Bus 152: No Longer in Service

as seen as “Prenatal Nocturne” in Chicken Soup for the Soul: Miraculous Messages from Heaven


“The tie which links mother and child is of such pure and immaculate strength as to be never violated.”
~Washington Irving


After my mother’s death in 2007, I dreamt of her quite frequently. Some evenings I spent hours telling her how life had been treating me, and other nights consisted of dreams in which her death had never taken place. No matter the content, each dream gave me solace. Sadly though, as time went on the dreams were fewer and farther between. Several years after her passing, her visits only came every few months.
Then, in late 2012, my husband and I found out that we were going to be parents the following June. Although I was thrilled, the idea of going through a pregnancy without my mother’s support made me anxious; I began to imagine all the milestones Mom would miss. My husband was supportive and as understanding as he could be, but my anxiety slowly turned back into grief. Still, I took the necessary actions to confirm our pregnancy test results.


The following week, the evening of our first doctor’s appointment, I fell into a deep sleep, filled with the warmth of seeing my baby for the first time. As my dream began to unfold, I found myself waking up in a hospital bed. I was alone in a sterile, dark room. A feeling of panic washed over me. Suddenly, the door opened and my mother entered. Her smile illuminated the tiny space. I couldn’t help but smile back at her. I tried to get up and give her a hug, but realized I was restricted by the IV attached to my arm. Mom motioned to me to stay on the bed, and she came to my side.


“Oh, I am so excited!” she began. She was glowing, but not because of some ethereal warmth. Happiness was simply oozing from her every pore. Mom pulled out a compact mirror, powdered her nose, and adjusted her hair.


“Where am I? What are we doing here?” I inquired.


“Silly, you just gave birth! The nurses have your beautiful baby in the other room, and I just can’t wait to meet my granddaughter,” she cooed.


“D-daughter?” I said, a tear coming to my eye. “But I don’t understand. I was just four weeks this morning.”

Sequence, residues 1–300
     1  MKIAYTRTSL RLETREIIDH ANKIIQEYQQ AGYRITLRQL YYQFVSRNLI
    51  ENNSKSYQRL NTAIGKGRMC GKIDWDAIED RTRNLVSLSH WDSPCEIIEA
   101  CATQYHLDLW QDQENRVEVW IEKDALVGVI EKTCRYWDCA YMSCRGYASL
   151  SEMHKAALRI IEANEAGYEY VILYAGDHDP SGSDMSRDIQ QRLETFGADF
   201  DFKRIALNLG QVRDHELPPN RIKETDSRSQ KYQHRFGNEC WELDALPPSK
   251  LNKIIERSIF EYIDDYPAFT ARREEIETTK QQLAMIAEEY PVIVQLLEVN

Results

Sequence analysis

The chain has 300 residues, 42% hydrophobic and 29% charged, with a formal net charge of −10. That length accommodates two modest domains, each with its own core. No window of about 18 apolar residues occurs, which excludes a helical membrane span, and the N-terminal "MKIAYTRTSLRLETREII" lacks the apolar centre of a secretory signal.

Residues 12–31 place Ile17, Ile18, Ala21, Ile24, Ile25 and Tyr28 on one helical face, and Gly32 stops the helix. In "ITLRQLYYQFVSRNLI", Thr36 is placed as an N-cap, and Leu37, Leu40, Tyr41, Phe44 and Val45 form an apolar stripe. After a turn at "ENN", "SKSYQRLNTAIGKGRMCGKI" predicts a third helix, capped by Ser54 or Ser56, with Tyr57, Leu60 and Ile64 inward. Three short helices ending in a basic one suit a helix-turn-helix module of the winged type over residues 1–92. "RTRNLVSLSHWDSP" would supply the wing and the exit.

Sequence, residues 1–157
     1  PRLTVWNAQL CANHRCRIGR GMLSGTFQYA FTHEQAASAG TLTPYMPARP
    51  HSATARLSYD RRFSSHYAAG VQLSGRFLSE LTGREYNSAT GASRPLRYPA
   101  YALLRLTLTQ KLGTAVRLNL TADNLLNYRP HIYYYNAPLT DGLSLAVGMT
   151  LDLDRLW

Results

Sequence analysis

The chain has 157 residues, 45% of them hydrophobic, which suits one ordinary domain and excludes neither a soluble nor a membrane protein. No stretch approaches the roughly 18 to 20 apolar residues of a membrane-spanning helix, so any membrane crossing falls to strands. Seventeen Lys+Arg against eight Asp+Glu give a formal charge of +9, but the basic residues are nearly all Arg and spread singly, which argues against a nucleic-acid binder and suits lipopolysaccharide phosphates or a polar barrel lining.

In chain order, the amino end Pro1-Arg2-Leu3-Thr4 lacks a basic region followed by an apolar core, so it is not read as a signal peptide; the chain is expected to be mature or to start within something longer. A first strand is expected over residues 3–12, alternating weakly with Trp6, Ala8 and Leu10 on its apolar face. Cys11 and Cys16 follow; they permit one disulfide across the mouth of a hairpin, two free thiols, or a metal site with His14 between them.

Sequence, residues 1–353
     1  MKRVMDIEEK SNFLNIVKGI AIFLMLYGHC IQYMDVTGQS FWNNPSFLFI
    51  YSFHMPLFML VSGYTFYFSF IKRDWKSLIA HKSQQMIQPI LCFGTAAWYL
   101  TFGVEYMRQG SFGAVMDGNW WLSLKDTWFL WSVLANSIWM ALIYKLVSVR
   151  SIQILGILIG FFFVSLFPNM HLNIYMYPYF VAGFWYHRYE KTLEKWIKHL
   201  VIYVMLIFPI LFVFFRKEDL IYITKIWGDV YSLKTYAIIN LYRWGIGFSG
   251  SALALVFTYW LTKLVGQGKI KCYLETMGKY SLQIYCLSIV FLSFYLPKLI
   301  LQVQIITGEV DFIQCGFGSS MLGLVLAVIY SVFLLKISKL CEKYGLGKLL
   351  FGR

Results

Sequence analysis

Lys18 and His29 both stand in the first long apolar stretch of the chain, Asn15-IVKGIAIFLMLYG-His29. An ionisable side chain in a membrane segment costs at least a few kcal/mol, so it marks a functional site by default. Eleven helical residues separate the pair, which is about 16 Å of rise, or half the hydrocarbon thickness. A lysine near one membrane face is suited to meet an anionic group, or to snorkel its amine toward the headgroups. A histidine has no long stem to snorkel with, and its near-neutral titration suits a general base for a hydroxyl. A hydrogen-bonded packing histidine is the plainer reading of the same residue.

“Well, I can’t explain that, but it’s June 15th and you’ve just done a beautiful job delivering my grandchild. Oh honey, I’m so proud of you. Well, I’m off to meet my granddaughter!” With that she kissed my forehead and left the room as quickly and smoothly as she had entered, as if she was floating on a cloud.


My tears continued to flow, and as I woke up, my mother’s warmth seemed to fill every fiber in my body. I felt closer to her that night than I had felt for so long. Still, my sleep was fitful for the remainder of evening as I wondered whether I had been granted a true visit with Mom or not.


The next morning, I pried myself out of bed and got ready for work. My mind replayed the dream over and over again as I began my commute. I was jarred from my thoughts a little over a mile from my house when, a few feet from the freeway entrance, a bus cut in front of me. I slammed on my brakes. At first I cursed the driver, but then I noticed the number and destination on the digital screen above my head. “152,” it read, “No Longer in Service.”

I couldn’t believe my eyes.
Mom was born in January of 1952, I knew in an instant this was yet another message from her. It was also confirmation that her visit the night before had been very real. “No Longer in Service.” I chuckled lightly at the euphemism and felt empowered once more. I knew in my heart my mother was there with me, with my baby, and she was most definitely part of the incredible biological process I was embarking upon.
It wasn’t until my twentieth week of pregnancy that my mother’s visit was validated once more; my husband and I found out that we were having a baby girl, just as my mother had shared with me four months earlier.


~A.B. Chesler

When Divorce Means Something Different

Not long ago I shared a post entitled When Death Means Something Different, and in it I explain how the loss of my father was vastly different than my mother’s death. He had been a tortured addict for decades, and this was his chance at finding a peace he couldn’t experience in life. But my grander point in that post was that with each situation in life, the greatest factor in our ability to cope becomes perspective.